Lost another couple of hours of sleep last night, thinking about the position I am in, about to be thrown into the gaping maw of the job market. Only 11 weeks now until it is put up or shut up time. Another 11 weeks and I find out if a full five years of my life has been worth the trouble, time, and money that I invested in my own future. Its a scary thought, the culmination of literally years of your life. The apex of your education. Everything that I have done over these many long weeks and months hangs in the balance of the next couple of months. I will be either deemed worthy by the market, or rejected by it and cast into a pit of poverty that I cannot escape.
In 11 weeks, I graduate from Western Oregon University.
A lot has been said about my generation -- we're lazy, good-for-nothing, and entitled. We're the lost generation, the ones doomed to repeat the missteps and mistakes of our forefathers, doomed to repeat the horrible past to our future's ruination. We are the least prepared for the challenges the future has presented to us, or so the common wisdom goes. In essence, we have been deemed as failures, before we had a chance to fail or succeed on our own.
Every one of us feels that pressure. The pressure to succeed, even though we face the longest odds of success in a generation. To pull ourselves up by our bootstraps, even though our feet were cut off long ago, by forces we, or anyone, could barely understand. Told from a young age that hard work and effort would get us everywhere that we wanted to go, anywhere we desired; and then loaded with debt and sent on our merry way, not told of true reality of the long odds that we actually face.
I have a great deal of anxiety about my future, a future that looks dimmer and dimmer as the days slip by until end of my days at the University. We are living with my fiancee's parents, I am taking 24 credits, giving a senior presentation on a year's long sociology research paper, and planning to start looking for a job, most likely tomorrow.
A great deal of my time and effort gone into this education, not to mention money. As I mentioned I attend WOU, an affordable and small University in the state of Oregon. Even though you can get one of the most affordable educations in the United States at Western, I have racked up nearly 60,000 dollars worth of debt both at my local community college and at the University. When I read that number, I can feel the hairs on my head going grey. I can feel the butterflies in my stomach. I can feel the regret -- "I should have gotten a job. I should have done something to avoid all of these loans"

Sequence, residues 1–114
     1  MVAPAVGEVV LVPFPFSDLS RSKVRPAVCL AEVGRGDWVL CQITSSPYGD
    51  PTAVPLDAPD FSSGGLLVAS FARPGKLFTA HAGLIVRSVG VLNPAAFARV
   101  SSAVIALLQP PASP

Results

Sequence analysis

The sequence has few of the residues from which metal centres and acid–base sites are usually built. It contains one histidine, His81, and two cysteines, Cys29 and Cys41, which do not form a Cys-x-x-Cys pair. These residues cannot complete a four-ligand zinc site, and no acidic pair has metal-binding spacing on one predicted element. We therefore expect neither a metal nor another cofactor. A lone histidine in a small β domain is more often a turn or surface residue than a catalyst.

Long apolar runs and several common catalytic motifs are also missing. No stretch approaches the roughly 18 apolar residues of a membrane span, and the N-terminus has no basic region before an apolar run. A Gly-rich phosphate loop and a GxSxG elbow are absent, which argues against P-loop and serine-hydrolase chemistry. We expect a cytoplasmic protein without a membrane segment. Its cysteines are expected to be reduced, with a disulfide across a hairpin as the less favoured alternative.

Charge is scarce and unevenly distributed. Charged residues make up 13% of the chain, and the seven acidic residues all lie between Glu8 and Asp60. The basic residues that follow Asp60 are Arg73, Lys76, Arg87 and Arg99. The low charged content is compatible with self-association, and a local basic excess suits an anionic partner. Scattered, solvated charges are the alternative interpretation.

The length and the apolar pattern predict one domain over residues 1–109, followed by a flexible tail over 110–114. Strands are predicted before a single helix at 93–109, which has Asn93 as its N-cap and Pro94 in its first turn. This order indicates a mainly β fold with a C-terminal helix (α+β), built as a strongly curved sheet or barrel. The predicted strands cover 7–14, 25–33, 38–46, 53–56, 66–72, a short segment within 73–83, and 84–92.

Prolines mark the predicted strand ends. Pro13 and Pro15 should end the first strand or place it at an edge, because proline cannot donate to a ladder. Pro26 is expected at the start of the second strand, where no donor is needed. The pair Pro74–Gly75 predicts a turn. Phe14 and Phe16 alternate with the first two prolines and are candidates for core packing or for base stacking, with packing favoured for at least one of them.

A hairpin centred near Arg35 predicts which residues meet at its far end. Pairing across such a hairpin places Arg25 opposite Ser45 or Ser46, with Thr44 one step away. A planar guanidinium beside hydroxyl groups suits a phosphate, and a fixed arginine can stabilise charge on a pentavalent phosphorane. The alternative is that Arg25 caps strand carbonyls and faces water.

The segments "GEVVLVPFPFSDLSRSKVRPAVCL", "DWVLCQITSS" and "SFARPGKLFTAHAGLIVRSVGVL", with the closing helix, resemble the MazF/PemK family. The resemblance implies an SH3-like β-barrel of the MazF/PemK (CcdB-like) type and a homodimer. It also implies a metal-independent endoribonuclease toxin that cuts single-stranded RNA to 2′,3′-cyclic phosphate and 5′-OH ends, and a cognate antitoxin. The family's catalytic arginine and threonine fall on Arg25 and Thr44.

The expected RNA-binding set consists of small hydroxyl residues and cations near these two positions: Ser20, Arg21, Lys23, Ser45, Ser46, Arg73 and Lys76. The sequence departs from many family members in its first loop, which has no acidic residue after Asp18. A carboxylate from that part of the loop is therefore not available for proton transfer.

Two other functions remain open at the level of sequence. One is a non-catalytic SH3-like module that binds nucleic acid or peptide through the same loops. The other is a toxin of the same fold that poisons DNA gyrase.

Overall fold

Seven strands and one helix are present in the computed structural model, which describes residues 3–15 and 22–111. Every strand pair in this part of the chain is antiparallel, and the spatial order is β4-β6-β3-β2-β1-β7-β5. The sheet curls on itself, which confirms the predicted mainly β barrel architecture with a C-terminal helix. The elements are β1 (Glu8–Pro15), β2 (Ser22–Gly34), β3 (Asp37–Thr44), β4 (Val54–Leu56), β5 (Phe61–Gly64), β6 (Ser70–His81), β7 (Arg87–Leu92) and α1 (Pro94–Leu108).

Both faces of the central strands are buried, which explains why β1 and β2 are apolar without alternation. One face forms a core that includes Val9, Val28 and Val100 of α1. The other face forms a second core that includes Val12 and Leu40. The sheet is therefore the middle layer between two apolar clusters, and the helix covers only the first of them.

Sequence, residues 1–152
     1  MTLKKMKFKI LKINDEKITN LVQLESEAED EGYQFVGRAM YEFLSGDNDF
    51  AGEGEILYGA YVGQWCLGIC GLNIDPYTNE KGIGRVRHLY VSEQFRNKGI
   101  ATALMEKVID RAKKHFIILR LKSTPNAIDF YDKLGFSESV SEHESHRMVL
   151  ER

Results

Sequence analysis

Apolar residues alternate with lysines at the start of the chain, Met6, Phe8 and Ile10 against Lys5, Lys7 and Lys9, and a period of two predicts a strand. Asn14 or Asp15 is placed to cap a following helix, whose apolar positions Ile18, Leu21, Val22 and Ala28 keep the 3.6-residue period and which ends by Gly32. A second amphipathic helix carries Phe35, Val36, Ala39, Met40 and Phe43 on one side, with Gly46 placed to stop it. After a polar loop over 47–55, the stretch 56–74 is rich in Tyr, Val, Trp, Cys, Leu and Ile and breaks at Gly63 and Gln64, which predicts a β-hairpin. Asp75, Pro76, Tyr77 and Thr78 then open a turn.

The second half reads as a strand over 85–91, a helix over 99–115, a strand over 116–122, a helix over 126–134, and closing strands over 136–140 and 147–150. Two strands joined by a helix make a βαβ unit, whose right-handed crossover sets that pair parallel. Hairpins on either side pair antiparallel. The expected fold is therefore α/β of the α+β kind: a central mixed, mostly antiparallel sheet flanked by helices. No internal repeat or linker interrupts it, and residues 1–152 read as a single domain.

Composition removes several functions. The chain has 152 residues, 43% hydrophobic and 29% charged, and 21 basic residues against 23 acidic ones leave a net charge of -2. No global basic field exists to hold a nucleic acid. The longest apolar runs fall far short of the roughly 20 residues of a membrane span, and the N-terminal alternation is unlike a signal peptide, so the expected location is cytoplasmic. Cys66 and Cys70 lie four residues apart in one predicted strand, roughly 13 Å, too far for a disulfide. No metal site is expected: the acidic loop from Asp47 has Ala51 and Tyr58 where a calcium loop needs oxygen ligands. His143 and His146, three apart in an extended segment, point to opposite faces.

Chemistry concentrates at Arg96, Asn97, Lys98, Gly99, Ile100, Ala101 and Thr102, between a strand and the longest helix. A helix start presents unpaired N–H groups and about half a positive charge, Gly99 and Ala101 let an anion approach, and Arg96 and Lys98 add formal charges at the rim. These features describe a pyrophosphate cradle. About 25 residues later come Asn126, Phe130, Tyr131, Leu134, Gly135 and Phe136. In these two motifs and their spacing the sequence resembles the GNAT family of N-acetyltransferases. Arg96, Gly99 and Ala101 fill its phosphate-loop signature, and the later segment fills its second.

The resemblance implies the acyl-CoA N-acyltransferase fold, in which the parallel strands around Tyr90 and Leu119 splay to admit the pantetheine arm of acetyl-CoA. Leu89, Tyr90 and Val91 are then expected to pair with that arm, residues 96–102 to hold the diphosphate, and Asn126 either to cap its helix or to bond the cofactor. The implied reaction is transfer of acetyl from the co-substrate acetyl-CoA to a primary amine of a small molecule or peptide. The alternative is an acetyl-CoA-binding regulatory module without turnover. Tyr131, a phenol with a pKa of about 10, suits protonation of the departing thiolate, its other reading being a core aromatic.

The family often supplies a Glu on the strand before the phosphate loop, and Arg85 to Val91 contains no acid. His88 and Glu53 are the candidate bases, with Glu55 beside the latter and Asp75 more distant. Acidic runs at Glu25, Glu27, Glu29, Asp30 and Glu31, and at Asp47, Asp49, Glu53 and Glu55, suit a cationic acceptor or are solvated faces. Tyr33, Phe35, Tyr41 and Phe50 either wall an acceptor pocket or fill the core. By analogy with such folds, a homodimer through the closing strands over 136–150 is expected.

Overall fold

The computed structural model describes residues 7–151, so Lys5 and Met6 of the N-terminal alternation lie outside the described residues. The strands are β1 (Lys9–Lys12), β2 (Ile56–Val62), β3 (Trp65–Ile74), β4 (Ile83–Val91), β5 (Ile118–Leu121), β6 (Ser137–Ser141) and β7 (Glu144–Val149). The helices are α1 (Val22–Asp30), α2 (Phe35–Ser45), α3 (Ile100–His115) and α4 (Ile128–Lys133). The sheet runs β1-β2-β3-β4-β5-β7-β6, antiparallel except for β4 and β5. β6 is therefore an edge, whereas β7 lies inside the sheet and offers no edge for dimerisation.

Fact of the matter is, I didn't. My goals were noble in quitting my job before going to school -- I wanted to focus on my grades, and I think it has paid off. I have a 3.8 institutional GPA/3.6 accumulative GPA, and I am graduating Summa Cum Laude. By all accounts, this is an incredible success. And yet, after all of this hard work and effort, all I feel is trepidation.
My goal at the end of all this was to go to law school, at Willamette University in Salem Oregon. Its all I have ever really wanted to do with my life, but after months of studying I bombed the LSAT -- 143 (21 percentile). Nothing was more embarrassing or mortifying that receiving that score. It made me feel as if I was a complete failure, it also made me feel as if this whole time the professors who told me I was too smart to stop at the undergraduate level were just blowing smoke up my ass. Even if I were to get in (my application is fairly solid besides the low LSAT score), there is absolutely no way I can pay 30,000-40,000 dollars a year just to attend. Loans will cover about half, I have terrible credit and no cosigner and absolutely no hope for a scholarship. So funding my future is a lawyer is just as distant as being admitted into a law school in the first place.
I applied anyway, still waiting on word from Willamette and a few other schools I applied for, but I am not holding my breath. I am jumping into the job market now. And I can't help but feel anxious, nervous and absolutely depressed at my prospects.
And maybe a little betrayed by the people who said that if you work hard, you can do anything you want. I know, its a petty emotion, and perhaps the entitled millennial coming out in me. Even if I do get a job that pays around 30,000 dollars a year (which is about what I am looking at), I will be buried under a mountain of debt for a very long time. Its not as if I didn't try to find a job and pay my way through school, its just that getting a full time job, sacrificing my grades and paying for about half my college costs did not seem like a good deal to me. Back then, I calculated that if I did get grades, if I did work hard, that I could get through school without racking up debt I could get into law school no problem. I didn't count on choking at the LSAT and getting a terrible score even though I practiced for about 80 hours and took about twenty practice tests.
I am scared guys. I honestly don't know what to expect out there. All of a sudden this Sociology degree is looking more and more useless. And all I can do is write it out.
Thanks for listening.